Ireland used as drugs gateway to Britain

Narcotics trade: Lonely Atlantic coastline makes it easy for trafficker s to land unseen
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The Independent Online
ALAN MURDOCH

Dublin

Ireland's largest-ever seizure of cannabis, a 15-tonne consignment with an estimated value of IRpounds 150m (pounds 153m), has again highlighted the use of remote parts of the country's coastline as a back door for bringing drugs to British and European markets.

The latest cargo brings to well over IRpounds 200m the value of drugs seized in Ireland in the past three years, but gardai accept that this may be only a small percentage of the total actually landed. The cannabis was discovered in a container trailer near the village of Urlingford in County Tipperary late on Wednesday, in a raid brought forward after news of the surveillance operation was leaked to journalists in Cork.

Gardai believe this week's Tipperary consignment was brought in by Dublin criminals who are known to supply dealers in London and Manchester. The seizure is the latest in a series of large-scale cannabis imports in recent years, taking advantage of Ireland's largely-unpatrolled 2,000 mile coastline.

Without a comprehensive coastguard system of its own, Ireland is pressing for the setting up of an European Union-wide network, and a strengthening of Europe's embryonic drugs squad, the Europol Drugs Unit. Dublin ministers have indicated that improved anti-trafficking systems will be a key objective of next year's Irish EU presidency.

Previous seizures include the recovery in late 1993 of several tonnes of sealed bales of the drug, worth IRpounds 12m, from the sea bed off Kinsale in rural Cork. Traffickers had dumped the drug for later recovery - using sophisticated satellite navigation equipment to relocate the exact position.

A series of captures was made in the same year between Tragumna and Rosscarbery in west Cork, where a maze of fjord-like inlets makes surveillance especially difficult. And in July last year a similar cargo, worth IRpounds 10m, was found on a quiet beach near Ballyconneely in Connemara.

Most of the drugs are thought to originate in north Africa, with wholesalers in Amsterdam providing a key link to local importers who control national distribution networks. But the Tipperary haul suggests complex routing may be necessary to evade detection.

Detectives have suggested that the cannabis originated in Pakistan and was moved via Amsterdam and the US before being shipped back to Europe.

Ireland has seven armed naval vessels patrolling Irish waters on both drugs and fisheries operations, and trawlers are routinely observed in an effort to identify unusual or suspicious movements. Prior to Wednesday's raid, an Irish Naval Service vessel, the LE Deirdre, tracked the movement of a petrol tanker supply vessel across the Atlantic.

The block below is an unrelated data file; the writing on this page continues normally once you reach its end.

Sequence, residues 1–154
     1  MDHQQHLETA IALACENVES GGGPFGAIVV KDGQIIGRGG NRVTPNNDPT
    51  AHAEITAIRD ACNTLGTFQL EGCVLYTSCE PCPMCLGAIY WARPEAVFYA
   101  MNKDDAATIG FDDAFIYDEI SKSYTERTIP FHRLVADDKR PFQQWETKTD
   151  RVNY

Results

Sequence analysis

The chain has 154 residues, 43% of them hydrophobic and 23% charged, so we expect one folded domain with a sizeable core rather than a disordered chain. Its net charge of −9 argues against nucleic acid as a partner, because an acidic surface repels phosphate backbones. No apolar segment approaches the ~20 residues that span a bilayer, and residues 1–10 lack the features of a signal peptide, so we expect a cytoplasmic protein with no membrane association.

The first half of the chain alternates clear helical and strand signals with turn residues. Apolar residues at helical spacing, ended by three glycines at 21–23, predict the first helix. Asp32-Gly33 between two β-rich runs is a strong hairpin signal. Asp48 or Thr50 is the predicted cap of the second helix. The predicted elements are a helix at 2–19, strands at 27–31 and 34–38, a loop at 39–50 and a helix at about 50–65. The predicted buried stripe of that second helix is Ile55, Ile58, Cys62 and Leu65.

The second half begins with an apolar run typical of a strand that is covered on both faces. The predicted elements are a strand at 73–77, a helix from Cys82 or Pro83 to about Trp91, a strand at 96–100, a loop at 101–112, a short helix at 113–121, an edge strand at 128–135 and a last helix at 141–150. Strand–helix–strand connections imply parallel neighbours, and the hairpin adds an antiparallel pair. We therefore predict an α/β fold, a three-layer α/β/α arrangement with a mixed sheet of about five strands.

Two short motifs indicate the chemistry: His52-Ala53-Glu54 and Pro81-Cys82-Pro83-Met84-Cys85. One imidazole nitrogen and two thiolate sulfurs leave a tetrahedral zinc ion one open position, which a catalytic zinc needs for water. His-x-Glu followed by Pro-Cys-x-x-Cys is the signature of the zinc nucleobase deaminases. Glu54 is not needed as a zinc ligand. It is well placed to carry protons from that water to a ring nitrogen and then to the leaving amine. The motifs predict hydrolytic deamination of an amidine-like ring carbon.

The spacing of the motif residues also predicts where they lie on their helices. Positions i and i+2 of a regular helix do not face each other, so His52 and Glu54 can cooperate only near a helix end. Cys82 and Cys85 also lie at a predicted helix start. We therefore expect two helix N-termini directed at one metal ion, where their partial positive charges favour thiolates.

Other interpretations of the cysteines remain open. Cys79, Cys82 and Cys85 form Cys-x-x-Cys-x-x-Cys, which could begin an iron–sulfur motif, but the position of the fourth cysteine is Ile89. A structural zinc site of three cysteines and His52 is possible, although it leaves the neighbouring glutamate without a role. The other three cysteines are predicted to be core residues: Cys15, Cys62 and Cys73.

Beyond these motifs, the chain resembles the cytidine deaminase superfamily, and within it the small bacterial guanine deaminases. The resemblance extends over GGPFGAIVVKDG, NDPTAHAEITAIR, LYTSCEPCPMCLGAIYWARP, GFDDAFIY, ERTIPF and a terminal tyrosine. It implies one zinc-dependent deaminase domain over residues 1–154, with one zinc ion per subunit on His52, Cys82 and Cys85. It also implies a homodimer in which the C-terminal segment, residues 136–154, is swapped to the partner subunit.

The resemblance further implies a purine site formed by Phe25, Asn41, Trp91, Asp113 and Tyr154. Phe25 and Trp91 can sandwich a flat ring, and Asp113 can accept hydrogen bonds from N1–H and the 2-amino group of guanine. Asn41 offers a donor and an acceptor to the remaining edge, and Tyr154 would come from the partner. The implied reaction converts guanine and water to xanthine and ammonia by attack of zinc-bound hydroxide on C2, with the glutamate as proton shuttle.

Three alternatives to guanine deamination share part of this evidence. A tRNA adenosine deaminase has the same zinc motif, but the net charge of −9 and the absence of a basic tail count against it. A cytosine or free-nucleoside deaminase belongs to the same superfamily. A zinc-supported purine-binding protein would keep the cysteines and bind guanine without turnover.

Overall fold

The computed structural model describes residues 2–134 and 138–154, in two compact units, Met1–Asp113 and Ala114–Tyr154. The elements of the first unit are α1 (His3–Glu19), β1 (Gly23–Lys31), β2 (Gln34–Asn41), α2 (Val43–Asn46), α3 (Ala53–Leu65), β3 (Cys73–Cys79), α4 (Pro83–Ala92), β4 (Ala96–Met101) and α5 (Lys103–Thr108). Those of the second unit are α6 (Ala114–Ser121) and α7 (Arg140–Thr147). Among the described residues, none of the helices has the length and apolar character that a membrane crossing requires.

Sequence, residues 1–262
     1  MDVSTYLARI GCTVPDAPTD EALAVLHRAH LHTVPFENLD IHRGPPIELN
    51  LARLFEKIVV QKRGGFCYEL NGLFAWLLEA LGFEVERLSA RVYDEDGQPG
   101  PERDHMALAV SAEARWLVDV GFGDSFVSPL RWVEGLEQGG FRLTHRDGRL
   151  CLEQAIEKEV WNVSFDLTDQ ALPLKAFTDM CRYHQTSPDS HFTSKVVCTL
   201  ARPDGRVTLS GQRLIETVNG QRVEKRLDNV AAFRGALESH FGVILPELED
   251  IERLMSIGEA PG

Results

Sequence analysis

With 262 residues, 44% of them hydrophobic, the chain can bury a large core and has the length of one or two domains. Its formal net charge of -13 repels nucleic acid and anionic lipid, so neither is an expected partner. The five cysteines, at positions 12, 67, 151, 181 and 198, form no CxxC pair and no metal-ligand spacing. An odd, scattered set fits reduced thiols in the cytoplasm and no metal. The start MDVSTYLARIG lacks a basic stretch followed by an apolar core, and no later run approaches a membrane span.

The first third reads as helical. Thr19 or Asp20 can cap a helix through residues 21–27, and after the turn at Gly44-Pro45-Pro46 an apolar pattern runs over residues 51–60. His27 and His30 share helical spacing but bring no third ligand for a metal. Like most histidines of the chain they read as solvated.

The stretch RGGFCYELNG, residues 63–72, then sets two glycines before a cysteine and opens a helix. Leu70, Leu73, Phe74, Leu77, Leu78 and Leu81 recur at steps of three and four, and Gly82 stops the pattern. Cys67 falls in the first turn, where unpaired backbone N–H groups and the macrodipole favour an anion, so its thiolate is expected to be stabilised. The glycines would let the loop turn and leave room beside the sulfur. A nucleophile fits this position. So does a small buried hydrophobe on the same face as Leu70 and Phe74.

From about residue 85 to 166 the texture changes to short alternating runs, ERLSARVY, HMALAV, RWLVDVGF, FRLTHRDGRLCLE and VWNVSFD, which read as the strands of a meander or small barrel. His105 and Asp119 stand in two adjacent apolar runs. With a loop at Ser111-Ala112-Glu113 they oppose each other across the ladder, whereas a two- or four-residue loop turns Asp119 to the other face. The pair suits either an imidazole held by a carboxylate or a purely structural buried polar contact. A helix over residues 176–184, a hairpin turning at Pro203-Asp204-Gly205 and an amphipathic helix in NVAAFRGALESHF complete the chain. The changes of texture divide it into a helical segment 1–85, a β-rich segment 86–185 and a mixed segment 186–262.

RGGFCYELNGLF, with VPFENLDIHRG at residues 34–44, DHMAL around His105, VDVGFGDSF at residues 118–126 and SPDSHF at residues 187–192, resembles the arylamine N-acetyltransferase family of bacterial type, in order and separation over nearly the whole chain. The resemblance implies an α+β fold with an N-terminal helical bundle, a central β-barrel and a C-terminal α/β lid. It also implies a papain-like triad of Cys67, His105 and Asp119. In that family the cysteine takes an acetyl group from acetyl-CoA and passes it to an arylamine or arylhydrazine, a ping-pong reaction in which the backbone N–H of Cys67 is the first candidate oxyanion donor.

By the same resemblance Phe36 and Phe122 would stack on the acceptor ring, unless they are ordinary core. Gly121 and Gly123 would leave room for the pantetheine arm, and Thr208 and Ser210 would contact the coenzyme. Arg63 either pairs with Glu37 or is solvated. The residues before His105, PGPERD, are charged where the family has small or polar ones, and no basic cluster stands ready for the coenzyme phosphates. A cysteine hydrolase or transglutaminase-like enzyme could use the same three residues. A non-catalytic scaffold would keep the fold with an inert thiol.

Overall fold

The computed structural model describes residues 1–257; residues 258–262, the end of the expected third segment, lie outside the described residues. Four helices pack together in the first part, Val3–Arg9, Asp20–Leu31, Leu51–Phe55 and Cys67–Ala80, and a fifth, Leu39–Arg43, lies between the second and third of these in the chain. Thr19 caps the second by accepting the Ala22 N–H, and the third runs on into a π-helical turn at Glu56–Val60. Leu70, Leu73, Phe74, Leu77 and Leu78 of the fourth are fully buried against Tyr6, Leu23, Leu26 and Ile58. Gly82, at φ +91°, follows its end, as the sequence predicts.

Several days ago the cannabis was transferred off the west coast of Ireland into a trawler which landed the cargo at the fishing village of Castletownbere. A customs spokesman, Liam Hurley, said that the identity of the main supply vessel is known and police forces abroad are being alerted.

The drugs were found in a trailer without registration plates close to the town of Urlingford hours after gardai in Dublin stopped suspects who were carrying pounds 230,000, believed to have been for trafficking expenses. Three men and a woman from Finglas in north Dublin were questioned and may face charges.

Dubliners suspected of masterminding the consignment include a wealthy criminal linked to an ecstasy manufacturing plant in west Dublin, raided by detectives in July and thought to have been set up to supply British and Irish markets.

Wednesday's operation, after three weeks' surveillance, marks an early success for the new joint task force overseeing Garda, customs, naval and air services formed in response to the growing drugs threat, recently described by the Irish Prime Minister, John Bruton, as the biggest current threat to the security of the state. The drugs trade has led to attempted intimidation of senior Garda officers by armed traffickers. One Dublin inspector earlier this year had shots fired through the front windows of his house.

In an bid to fight back, new Irish legislation allowing tougher search and detention powers for gardai in drugs cases is expected to come before the Dail by the end of this year. An agreement to facilitate closer co- operation between British and Irish Customs services involved in fighting smuggling was signed in Belfast yesterday.

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